Pros: Fun, efficient driving; interesting design; useful tech; up to 361 miles of range
Cons: Tight rear head room; small trunk; no federal EV tax credit
Few electric cars are as striking as the Hyundai Ioniq 6, which is saying something considering today’s lineup of EVs. The new electric sedan uses its sleek looks both to get attention and for aerodynamics; so much so that it’s the most efficient of the Hyundai Group’s vehicles (also including Kia and Genesis). Add in sporty driving dynamics and a comfortable, stylish and practical interior, and it’s easy to recommend the Ioniq 6 to just about anyone.
While the Ioniq 6 itself is new, its underpinnings are familiar. It uses basically the same batteries and motors found in the Ioniq 5 and Kia EV6. That means entry-level models come standard with a single motor and rear-wheel drive, while a dual-motor, all-wheel-drive version is optional. The latter is certainly the most spunky and fun, but the former versions are the best for efficiency and range. The long-range SE model is capable of a remarkable 361 miles of range according to the EPA. That model also manages 140 mpg-e, topping every Tesla and matching some Lucids for sheer efficiency.
Still, as much as we like the Ioniq 6, there are a couple things to consider that could sway a buyer away. It is a conventional sedan, and between that and the sleek roofline, cargo space and rear seat headroom are tight compared to more SUV-like EVs, including the Ioniq 5, Kia EV6, Nissan Ariya, Tesla Model Y and others. Its sporty suspension tuning also yields a stiffer ride, whereas the aforementioned alternatives (apart from the Tesla) tend to be softer and more comfortable.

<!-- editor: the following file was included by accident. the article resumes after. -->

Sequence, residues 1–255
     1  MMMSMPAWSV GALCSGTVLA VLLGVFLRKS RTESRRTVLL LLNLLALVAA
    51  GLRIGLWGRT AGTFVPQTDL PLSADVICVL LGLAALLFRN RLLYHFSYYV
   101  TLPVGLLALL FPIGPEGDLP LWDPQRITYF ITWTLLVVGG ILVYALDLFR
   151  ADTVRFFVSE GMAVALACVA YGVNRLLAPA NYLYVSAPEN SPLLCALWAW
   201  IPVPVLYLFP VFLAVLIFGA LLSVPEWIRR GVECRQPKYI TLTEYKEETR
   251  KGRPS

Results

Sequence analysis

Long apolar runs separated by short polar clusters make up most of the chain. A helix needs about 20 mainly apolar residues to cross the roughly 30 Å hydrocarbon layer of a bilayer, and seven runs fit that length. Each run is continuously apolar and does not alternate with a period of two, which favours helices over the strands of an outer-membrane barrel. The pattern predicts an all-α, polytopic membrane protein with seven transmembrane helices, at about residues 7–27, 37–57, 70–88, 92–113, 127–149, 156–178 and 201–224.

What’s new for 2023?
The Ioniq 6 is an all-new model, though is closely related to the Hyundai Ioniq 5, Kia EV6 and Genesis GV60
What are the Ioniq 6’s interior and in-car technology like?
The Ioniq 6 interior looks at first less bold than the streamlined exterior, but look closer, and it reveals itself to be one of the most creative cabins on the market. Though certainly reminiscent of the Ioniq 5, there are all kinds of unique details. Translucent plastics are used on the dash and for the storage bins on the doors and center console. The doors themselves are bereft of switchgear both for a minimalist look and additional interior space (the window switches live on the center console, much like an old BMW). Interesting textures abound, particularly the ripples on the door panels and the dash. The ambient lighting adds to it, as well, with how it bounces off those same panels.
But function is just as present as form in the Ioniq 6. The dual 12.3-inch screens are bright, clear and responsive, while the infotainment interface is one of the easiest in the industry to use. The supporting touch-sensitive climate and infotainment menu “buttons” aren’t as friendly to use while driving than real buttons, but considering the Ioniq 6 competes with a car that does away with almost all physical controls, the Tesla Model 3, we’ll take it. That said, we’ll still point out our disappointment that the standard Apple CarPlay and Android Auto cannot be wirelessly connected. But at least unlike its siblings, the USB data port is positioned in the center console, instead of buried low under the dash.
How big is the Ioniq 6?